Teaching Children to be Useless

By that I mean the continued message given to pupils that they have no responsibility for looking after themselves, that if they screw up there will always be someone to bail them out.You might think that you don’t do that and maybe your school doesn’t but I’ll give you a couple of examples and be honest, do they not seem just a bit familiar?

Firstly, coursework. Deadlines should mean deadlines but they don’t. If pupils don’t hand their work in they get an extension, then an extension to the extension. When they get out in the workplace and the boss says “I want this done by the thirty-first” s/he means by the end of the month, not half-way through the next. Trouble is the office junior has been shown at school that deadlines are flexible, optional things and before s/he knows it s/he’s on a disciplinary.

Something at my school that is increasingly bugging me is the issue of calculators. Our Department bought some cheap ones, initially for emergency use in exams. Fair enough, candidates should not be penalised for unforseen circumstances.

Trouble is, when pupils turned up to class without calculators (a breach of their learning agreement) instead of putting them on report as they should, the teachers sent for the department calculators. Pretty soon they were booking a class set of them. Which meant they were not available for other classes so more were bought. Now we have three class sets and it is not enough.

And there has been “supply creep” too. Now pupils are issued with pencils and rulers in class because they do not bother to bring their own. Please spare me the “oh they can’t afford it” crap as well. We are talking about kids who can remember to bring their £100 camera-phone and when you see them outside of school they are wearing hundreds of pounds worth of designer clothes. You can get a really good scientific calculator for under a tenner.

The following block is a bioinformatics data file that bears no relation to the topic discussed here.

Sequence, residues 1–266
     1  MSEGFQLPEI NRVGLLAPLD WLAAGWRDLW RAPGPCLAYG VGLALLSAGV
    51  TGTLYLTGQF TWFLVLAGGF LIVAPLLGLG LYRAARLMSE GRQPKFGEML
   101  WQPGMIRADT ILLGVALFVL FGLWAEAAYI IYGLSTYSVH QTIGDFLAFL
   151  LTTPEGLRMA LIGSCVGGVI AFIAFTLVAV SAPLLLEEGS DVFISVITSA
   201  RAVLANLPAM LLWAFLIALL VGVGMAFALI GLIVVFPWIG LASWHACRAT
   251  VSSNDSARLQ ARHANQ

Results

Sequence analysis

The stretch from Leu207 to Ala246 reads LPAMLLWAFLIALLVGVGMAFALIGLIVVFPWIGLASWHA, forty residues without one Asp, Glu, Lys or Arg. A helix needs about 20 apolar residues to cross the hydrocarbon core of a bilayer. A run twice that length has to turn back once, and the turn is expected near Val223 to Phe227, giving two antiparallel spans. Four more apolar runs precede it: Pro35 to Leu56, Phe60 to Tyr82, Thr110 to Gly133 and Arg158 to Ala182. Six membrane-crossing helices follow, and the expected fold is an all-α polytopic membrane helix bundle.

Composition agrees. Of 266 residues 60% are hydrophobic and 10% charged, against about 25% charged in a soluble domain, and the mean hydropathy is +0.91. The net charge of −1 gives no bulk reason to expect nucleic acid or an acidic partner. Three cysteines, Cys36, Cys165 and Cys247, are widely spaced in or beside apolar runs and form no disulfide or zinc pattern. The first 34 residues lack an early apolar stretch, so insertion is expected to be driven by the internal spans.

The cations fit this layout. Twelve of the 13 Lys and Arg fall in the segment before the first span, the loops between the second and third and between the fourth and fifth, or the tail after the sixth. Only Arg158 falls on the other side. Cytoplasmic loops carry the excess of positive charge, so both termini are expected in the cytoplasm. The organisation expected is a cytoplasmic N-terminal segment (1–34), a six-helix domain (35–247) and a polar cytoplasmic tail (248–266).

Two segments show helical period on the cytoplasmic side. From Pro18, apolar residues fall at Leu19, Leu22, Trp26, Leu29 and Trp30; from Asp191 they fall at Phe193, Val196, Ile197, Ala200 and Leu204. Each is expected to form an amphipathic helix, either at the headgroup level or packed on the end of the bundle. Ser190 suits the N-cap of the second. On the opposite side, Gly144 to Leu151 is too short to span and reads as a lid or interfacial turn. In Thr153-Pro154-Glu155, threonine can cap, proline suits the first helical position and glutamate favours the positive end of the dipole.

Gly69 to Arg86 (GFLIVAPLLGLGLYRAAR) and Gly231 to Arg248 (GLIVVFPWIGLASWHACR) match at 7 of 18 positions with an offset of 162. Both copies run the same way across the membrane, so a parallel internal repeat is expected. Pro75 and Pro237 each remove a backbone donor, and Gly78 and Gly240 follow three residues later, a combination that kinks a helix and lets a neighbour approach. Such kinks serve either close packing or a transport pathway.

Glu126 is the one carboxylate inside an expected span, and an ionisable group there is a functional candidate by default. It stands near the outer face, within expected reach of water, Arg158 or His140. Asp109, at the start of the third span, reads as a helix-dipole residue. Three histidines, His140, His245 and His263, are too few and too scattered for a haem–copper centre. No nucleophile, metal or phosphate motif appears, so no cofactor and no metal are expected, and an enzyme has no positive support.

These are 14, 15 and 16 year-olds I’m talking about. “Young adults” to use the pc term but they are being taught to be as incapable of self-reliance as primary school children.

Advertisements

Tags: , ,

3 Responses to “Teaching Children to be Useless”

  1. draust Says:

    Well, those of them who get to Univ will get a wake-up call. No free widgets, except perhaps a LIMITED number available to pre-book, and actual deadlines.

    For assessed work our current system is NO extensions except in dire emergencies, and only granted by the Faculty “Head Tutor” (chief big stick), and mark penalties for lateness. The standard one is a 10% deduction (absolute) for every day or part of a day late. So if your report was graded at 65%, but was handed in three days late, you get 35%. Incidentally, part of a day counts as a day. So if the deadline is 4.00 pm, and you should up with your report at 4.03 pm, it’s 10% deduction. No exceptions.

  2. darthtater Says:

    Absolutely familiar scenarios and all directly attributable to the culture of defining school success by exam results and attributing all decline in results to the teachers, not the students. The coursework is something which we haev more influence over than the exam so we go out of our way to amke it as good as possible. IO assume it happens in all subject areas in your school too e.g. technology teachers giving quite a helping hand using the machine tools, Geographers setting the same project year after year so you can copy out your big broother’s …
    In theory the new coursework system inScience should be better tha the old one and deadlines should not exist, but rule bending appears to have happened already, uncomfortable though that makes some of us. I like Dr Aust’s description – but as long as studsents’ success is perceived as due to a wonderful education system and the kids’ own effort, while failure is all the fault of the teachers, then we’re on a hiding to nothing.
    End-of-term rant ends (somewhat bitterly as I go to face the prospect of a couple of weeks marking the damned drivel- and don’t get me started on the fact that we mark a third of the assessment in an exam for whivh we pay a substantial fee)

  3. coatgal Says:

    Many moons ago, I forgot my calculator for one of my A-Level Maths exams – I had to do the whole exam without a calculator… a valuable life lesson learnt.

Leave a Reply

Please log in using one of these methods to post your comment:

WordPress.com Logo

You are commenting using your WordPress.com account. Log Out / Change )

Twitter picture

You are commenting using your Twitter account. Log Out / Change )

Facebook photo

You are commenting using your Facebook account. Log Out / Change )

Google+ photo

You are commenting using your Google+ account. Log Out / Change )

Connecting to %s


%d bloggers like this: